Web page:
Disclaimer: The views and opinions expressed by the author(s) do not represent the official position of Barbados TODAY.
I knew I was right when I couldn’t understand why the non-contributory pension was raised as a vote-catching measure.
So many consultants in finance. Together they are getting big money but only contributing to the financial agony of this small open economy.
They are forced to listen to the IMF so an ordinary man like me can’t tell them that if they can’t earn foreign exchange they must try to hold on to what we have, using it wisely.
Thinking futuristically, combustible engines will soon be a thing of the past.
By now we should be warming the technical Institute to the idea of replacing the combustible in existing vehicles with battery operated ‘engines’. The discarded engines might be able to earn foreign exchange.
The operation might be seen as complex, but with appropriate training and methodologies it can be done.
As the electric vehicles age, they will require replacement of batteries. With training we will be able to replace broken modules and synchronise them with the functioning ones.
Imagine the foreign exchange saved by not having to replace the entire battery system using imported batteries.
I can see the creation of work for small businessmen in that area with them spread out across the country.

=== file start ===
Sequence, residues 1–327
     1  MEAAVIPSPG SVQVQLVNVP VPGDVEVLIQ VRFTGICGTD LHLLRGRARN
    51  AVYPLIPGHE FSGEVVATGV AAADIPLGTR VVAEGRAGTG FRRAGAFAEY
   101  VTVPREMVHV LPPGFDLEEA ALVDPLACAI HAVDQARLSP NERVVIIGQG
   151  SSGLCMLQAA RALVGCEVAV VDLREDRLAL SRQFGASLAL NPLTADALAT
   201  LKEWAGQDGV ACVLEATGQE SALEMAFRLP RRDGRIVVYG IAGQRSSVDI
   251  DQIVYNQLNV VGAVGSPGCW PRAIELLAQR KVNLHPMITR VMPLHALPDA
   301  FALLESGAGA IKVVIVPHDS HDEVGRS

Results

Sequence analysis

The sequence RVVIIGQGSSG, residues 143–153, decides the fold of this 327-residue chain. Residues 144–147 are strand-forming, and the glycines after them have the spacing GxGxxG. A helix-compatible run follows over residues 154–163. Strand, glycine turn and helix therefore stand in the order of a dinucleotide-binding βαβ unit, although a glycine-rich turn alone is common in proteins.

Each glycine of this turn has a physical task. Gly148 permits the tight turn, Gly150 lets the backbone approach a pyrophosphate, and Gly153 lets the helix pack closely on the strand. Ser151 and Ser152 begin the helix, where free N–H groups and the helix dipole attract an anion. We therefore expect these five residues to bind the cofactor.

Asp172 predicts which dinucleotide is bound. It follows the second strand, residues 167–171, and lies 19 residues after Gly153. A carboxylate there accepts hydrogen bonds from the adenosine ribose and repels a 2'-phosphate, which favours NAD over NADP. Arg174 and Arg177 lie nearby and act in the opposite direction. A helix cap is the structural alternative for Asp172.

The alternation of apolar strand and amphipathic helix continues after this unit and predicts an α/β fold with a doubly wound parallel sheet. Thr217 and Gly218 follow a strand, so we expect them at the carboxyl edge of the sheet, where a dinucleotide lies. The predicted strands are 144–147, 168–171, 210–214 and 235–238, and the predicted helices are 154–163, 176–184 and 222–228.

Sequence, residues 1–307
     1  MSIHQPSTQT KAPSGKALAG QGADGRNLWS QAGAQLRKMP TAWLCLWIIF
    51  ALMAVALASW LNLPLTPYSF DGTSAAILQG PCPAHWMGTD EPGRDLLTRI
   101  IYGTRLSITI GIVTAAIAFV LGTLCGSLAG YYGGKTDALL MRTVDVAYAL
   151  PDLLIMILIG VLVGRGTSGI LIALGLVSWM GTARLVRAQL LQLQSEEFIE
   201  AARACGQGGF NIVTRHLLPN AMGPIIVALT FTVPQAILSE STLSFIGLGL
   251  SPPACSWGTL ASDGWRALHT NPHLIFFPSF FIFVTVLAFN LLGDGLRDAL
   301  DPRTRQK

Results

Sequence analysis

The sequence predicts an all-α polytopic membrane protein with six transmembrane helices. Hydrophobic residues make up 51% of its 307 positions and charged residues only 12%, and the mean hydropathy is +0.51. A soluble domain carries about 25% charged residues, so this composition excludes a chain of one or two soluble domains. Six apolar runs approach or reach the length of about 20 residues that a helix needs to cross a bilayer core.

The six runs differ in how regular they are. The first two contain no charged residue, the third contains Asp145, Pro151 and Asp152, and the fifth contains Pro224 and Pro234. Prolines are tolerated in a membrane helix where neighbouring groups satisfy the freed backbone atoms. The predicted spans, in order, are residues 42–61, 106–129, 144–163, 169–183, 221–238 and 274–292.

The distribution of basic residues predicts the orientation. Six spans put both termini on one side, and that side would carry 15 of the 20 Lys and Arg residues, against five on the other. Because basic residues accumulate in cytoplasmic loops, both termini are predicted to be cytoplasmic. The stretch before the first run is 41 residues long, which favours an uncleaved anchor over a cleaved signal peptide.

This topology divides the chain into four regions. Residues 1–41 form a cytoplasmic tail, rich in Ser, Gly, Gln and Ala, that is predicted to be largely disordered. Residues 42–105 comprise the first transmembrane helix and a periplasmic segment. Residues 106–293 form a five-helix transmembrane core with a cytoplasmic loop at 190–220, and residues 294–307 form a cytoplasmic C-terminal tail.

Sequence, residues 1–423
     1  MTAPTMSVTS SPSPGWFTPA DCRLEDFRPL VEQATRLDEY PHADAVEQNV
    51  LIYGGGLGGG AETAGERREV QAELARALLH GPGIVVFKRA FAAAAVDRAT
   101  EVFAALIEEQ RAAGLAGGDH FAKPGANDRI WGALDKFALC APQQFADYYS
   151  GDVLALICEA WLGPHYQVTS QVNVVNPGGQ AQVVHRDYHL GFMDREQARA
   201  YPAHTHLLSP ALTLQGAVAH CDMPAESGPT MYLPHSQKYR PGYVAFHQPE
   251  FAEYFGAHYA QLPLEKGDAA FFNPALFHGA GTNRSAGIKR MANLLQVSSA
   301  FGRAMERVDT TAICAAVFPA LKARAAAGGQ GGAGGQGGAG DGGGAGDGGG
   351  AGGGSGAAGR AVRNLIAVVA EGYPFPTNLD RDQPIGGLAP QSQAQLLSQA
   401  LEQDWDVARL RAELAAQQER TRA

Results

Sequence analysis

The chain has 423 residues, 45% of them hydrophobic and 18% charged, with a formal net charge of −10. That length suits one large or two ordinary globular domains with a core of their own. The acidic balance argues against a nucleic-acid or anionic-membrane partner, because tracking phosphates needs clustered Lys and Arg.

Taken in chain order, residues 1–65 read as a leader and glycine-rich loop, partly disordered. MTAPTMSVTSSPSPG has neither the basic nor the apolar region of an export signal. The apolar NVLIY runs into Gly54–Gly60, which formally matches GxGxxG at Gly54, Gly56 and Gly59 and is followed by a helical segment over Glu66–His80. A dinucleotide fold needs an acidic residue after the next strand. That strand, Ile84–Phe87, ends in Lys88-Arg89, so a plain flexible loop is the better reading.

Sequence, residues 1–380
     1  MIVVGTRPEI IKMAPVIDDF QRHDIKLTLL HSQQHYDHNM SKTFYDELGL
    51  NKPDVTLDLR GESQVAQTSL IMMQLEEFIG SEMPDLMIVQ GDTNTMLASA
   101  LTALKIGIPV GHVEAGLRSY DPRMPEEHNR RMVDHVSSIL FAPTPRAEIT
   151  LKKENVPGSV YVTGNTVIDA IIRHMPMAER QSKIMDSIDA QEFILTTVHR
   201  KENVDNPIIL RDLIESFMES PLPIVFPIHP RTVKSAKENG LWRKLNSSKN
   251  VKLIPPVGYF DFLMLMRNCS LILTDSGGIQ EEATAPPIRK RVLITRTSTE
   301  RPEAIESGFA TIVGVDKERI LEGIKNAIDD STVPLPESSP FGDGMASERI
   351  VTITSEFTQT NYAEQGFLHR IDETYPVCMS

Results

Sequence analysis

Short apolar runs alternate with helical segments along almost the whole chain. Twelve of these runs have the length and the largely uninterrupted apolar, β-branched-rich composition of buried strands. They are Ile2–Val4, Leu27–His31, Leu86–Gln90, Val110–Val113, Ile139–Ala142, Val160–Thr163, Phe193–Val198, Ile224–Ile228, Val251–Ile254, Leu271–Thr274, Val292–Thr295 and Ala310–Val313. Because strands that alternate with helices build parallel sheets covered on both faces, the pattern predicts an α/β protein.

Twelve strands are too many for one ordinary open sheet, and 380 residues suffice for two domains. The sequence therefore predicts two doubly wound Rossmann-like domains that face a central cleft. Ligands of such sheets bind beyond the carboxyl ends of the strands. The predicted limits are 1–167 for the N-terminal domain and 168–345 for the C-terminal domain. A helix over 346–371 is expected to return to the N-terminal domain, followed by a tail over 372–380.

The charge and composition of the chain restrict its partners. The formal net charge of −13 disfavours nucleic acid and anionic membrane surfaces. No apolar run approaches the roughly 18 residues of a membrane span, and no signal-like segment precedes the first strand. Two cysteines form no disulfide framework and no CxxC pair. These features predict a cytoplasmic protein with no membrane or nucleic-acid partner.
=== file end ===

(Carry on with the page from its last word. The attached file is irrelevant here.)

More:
Let us move away from the old time mode of weeding the road to create employment. We can still care about the poor black boys on the block by using their technical skills through training in a multiplicity of areas to keep them employed and earning overseas paper.
We have to stop thinking short-term. We sold off the banks, the cement plant, ICB among others to get foreign exchange short-term not understanding the leakage factor would set in long-term.
As is known economic goals and political goals do coincide with disastrous and debilitating effect in countries.
Take note. Don’t only think, vote.
Petty speeches will get us nowhere.
Have we achieved anything with the so-called Republic, using basically the same Westminster-styled constitution (the 1966 charter) adopted for independence.
Is it the Royal Barbados Police Service or Police Force?
Why do we still have the regal red stripe at the side of the officer’s pants? Is it because a blue stripe will connote independence or affiliation to the other party?
Were we ready? Are we ready?
I can go on and on.
I am not a graduate so I will just put up and shut up as I can hear the yardfowls as they come out to feed.
Let us love country and not party.
Kemmerick ‘Bing Bong’ Harrison